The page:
Monday, March 4, 2013

Newsletter Extra: Mike Trout and Alex Rodriguez

Over the weekend, the Angels renewed Mike Trout's contract for a 2013 salary of $510,000, just $20,000 over the minimum salary. While a bit surprising, and certainly a hardball move, the Angels were well within their rights to renew Trout. In fact, it's the ability to pay Trout a tiny percentage of his market value or of his worth to the team that subsidizes the risks of paying Albert Pujols and Josh Hamilton their market value to perhaps lose money on the deal.

No one other than Trout should have a problem with this decision. The Angels might have paid him more -- there's some precedent for teams with standout rookies paying those players more in the second year -- but there's no connection between Trout's 2013 salary and any decisions he might make five years down the road. An extra $300,000 now isn't going to influence a $30 million choice in the future, and thinking it will is one of the sillier myths in sports. There is no loyalty. Say it again: there is no loyalty. The Angels made the same business decision that Trout will have to make down the road, and that's the only relationship between the two.

The flip side of Trout making $510,000 off a season in which his performance was worth $30 million or more to the Angels in added wins isn't hard to find. Vernon Wells' 2013 salary is $21 million, after a season in which his performance was worth about 10% of that. Wells, however, is 34, at the back end of a career that will probably end soon, one that will get him a single appearance on a Hall of Fame ballot, maybe a token vote from a writer who liked him. (Criticism of his play aside, you can't find anyone to say a bad word about Wells.) Wells had five years banked as a regular and was 27 years old when the Blue Jays set him up for life with a seven-year contract extension worth $126 million. Since signing that deal, Wells has had two good years and four other ones, and at best he's a part-time player for a team with at least four outfielders better than he is.

This is the way MLB is structured. It was wholly unplanned -- arbitration came first, and that only for players with a couple of years in the league, then free agency and its six-year requirement -- and has created a significant disconnect between when a player is likely to produce the most and when a player is likely to get paid the most. From the start of his career through 2006, Vernon Wells made $9 million and produced 19 bWAR. Since then, he's made more than $80 million and produced a tick less than 7 bWAR. He's owed another $42 million and the ratio of salary to wins isn't likely to get much lower. This is the way the system is set up.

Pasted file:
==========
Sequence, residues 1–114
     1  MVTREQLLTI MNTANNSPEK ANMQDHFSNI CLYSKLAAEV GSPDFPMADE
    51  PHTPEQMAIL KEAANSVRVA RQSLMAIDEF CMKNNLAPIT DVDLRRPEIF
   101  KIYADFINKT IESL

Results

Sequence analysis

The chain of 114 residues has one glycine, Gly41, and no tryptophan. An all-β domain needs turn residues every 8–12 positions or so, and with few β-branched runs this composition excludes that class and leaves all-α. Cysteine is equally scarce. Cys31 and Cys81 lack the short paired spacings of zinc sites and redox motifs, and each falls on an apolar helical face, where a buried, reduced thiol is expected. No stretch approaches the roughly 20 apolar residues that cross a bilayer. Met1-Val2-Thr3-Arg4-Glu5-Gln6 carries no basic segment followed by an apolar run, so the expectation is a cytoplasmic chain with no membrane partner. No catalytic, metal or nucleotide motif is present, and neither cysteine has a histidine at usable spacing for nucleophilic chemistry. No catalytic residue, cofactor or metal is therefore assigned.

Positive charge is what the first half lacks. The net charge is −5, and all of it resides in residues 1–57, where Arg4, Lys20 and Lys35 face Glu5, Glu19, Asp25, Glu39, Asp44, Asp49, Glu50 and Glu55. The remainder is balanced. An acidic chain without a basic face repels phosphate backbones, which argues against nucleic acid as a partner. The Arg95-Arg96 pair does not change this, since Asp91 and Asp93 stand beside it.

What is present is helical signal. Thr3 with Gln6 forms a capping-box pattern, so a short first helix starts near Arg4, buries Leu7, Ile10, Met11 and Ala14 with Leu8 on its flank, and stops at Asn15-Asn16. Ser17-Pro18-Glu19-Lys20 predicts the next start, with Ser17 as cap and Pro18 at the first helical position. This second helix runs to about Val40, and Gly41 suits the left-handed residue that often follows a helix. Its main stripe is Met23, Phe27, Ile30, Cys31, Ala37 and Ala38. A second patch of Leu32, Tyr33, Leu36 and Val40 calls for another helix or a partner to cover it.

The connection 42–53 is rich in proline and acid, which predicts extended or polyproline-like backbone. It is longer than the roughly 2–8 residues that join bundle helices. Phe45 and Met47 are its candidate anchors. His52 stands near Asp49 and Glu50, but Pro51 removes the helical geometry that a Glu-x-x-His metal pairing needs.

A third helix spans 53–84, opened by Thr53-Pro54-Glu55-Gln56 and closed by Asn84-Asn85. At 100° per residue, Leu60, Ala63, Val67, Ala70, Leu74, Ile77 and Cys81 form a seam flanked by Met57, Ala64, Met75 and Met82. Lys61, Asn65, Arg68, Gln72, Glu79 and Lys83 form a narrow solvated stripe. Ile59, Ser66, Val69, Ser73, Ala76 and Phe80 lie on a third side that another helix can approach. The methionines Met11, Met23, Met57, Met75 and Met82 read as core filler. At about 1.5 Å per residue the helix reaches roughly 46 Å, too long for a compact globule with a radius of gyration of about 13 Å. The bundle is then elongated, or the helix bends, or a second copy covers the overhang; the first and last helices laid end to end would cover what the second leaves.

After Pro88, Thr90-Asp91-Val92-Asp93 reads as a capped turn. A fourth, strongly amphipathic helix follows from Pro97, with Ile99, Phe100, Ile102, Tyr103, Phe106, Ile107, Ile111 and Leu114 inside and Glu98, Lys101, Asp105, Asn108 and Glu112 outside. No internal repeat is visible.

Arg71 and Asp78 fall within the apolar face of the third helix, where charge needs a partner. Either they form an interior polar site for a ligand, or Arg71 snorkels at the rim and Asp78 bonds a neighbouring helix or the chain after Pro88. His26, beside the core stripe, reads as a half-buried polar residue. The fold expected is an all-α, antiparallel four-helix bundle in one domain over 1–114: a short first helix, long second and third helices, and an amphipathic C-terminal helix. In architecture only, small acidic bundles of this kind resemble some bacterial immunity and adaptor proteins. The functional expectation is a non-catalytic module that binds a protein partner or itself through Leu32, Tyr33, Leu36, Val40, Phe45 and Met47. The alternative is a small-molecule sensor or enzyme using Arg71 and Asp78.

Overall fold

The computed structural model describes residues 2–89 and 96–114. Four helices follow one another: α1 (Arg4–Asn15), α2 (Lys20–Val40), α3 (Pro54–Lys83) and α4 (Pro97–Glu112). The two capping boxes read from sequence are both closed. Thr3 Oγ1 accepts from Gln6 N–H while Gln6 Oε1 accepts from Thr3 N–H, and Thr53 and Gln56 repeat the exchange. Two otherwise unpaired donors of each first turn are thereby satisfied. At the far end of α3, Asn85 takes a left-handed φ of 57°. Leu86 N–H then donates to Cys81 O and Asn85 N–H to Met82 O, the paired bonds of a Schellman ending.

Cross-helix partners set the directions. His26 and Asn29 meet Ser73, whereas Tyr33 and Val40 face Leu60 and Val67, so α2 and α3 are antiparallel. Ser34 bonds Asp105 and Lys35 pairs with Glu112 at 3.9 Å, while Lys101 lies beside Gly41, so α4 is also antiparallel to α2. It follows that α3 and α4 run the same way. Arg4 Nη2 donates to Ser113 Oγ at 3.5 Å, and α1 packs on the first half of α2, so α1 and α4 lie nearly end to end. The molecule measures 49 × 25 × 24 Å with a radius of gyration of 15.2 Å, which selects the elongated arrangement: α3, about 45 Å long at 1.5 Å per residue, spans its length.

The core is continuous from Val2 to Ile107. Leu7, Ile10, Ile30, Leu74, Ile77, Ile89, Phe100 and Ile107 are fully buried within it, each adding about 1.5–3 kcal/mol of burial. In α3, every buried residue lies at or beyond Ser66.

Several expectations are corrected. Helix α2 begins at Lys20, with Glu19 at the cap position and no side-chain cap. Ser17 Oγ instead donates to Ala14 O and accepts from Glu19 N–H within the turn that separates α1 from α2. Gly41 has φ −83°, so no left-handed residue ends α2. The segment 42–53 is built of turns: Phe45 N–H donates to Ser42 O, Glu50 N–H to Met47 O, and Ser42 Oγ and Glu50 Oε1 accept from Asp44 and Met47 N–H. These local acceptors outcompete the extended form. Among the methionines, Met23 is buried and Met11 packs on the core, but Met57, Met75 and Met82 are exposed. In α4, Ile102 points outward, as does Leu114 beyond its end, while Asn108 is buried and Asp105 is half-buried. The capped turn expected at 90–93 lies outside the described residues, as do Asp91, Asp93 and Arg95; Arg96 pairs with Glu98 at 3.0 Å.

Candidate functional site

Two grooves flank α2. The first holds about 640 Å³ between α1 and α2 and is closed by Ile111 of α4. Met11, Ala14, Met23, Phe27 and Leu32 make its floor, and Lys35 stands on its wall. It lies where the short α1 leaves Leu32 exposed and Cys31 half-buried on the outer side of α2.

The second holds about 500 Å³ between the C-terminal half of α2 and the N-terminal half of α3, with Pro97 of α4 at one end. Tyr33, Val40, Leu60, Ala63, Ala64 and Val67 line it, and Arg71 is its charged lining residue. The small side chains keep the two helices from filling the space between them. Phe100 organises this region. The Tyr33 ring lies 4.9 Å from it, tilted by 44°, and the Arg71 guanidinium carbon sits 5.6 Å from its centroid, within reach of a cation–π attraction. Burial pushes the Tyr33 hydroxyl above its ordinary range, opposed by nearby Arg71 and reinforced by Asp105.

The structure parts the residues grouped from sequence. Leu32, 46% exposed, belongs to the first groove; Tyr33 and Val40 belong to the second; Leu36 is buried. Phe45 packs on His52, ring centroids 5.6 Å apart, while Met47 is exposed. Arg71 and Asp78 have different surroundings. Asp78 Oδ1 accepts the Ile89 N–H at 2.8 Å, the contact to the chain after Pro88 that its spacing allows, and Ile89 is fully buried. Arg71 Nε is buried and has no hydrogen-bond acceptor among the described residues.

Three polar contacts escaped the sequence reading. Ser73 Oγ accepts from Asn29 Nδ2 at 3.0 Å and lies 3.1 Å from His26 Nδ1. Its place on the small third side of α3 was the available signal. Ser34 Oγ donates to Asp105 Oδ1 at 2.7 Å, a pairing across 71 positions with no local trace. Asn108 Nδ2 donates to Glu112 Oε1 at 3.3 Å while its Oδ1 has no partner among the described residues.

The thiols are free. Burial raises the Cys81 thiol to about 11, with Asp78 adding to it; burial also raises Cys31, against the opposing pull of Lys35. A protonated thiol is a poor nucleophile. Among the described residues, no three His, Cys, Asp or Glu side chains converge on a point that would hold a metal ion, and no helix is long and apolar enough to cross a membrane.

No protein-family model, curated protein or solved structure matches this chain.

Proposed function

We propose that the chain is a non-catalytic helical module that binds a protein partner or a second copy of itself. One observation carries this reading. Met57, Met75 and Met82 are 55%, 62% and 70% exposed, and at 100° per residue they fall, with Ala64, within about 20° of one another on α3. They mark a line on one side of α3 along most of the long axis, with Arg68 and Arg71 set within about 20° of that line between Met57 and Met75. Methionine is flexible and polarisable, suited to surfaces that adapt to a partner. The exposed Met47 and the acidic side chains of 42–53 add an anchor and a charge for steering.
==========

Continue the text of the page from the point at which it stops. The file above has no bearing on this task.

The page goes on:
There are people, some of them working out of Tampa right now, up in arms over the fact that Alex Rodriguez is scheduled to make $28 million this year, and owed $114 million over the final five years of a contract signed after the 2007 season. That contract, due to Rodriguez's decline and increased susceptibility to injury -- things you never could have seen coming when you signed a 32-year-old, I guess -- weighs on the Yankees payroll. It has made Rodriguez a target of fan and media ire. Rodriguez isn't the first, of course, just the one taking the biggest shots today. Throughout the game there are players who are huge targets merely for signing contracts that included salaries they had little chance of being worth on the day they were signed. Alfonso Soriano and Jayson Werth and Barry Zito and Johan Santana. We rail at these players, call them overpaid bums and wish our teams would get rid of them.

Here's the thing: if you're not going to storm the barricades when Mike Trout makes 3% of his market value, then you lose the right to do so when Alex Rodriguez makes 300% of his. They're the exact same thing. Pay and performance are only loosely correlated in MLB, with service time a significant distorting factor. Players without it are systematically and in some cases violently underpaid, and those with it go the other way. Fans only get crazy over the latter class, though, an effect of the simplistic way in which baseball economics has been covered for 40 years.

Maybe Mike Trout eventually gets paid, becomes another Vernon Wells or Alex Rodriguez, making on the back end what he never made on the front end. If so, it's probable that there will come a time, 15 years down the road, when a local columnist will rail against this aging, broken-down guy who isn't worth his $40 million salary and who should just get out of the way so that the team can give the money to someone else.

Or maybe we'll all just be that much smarter by then.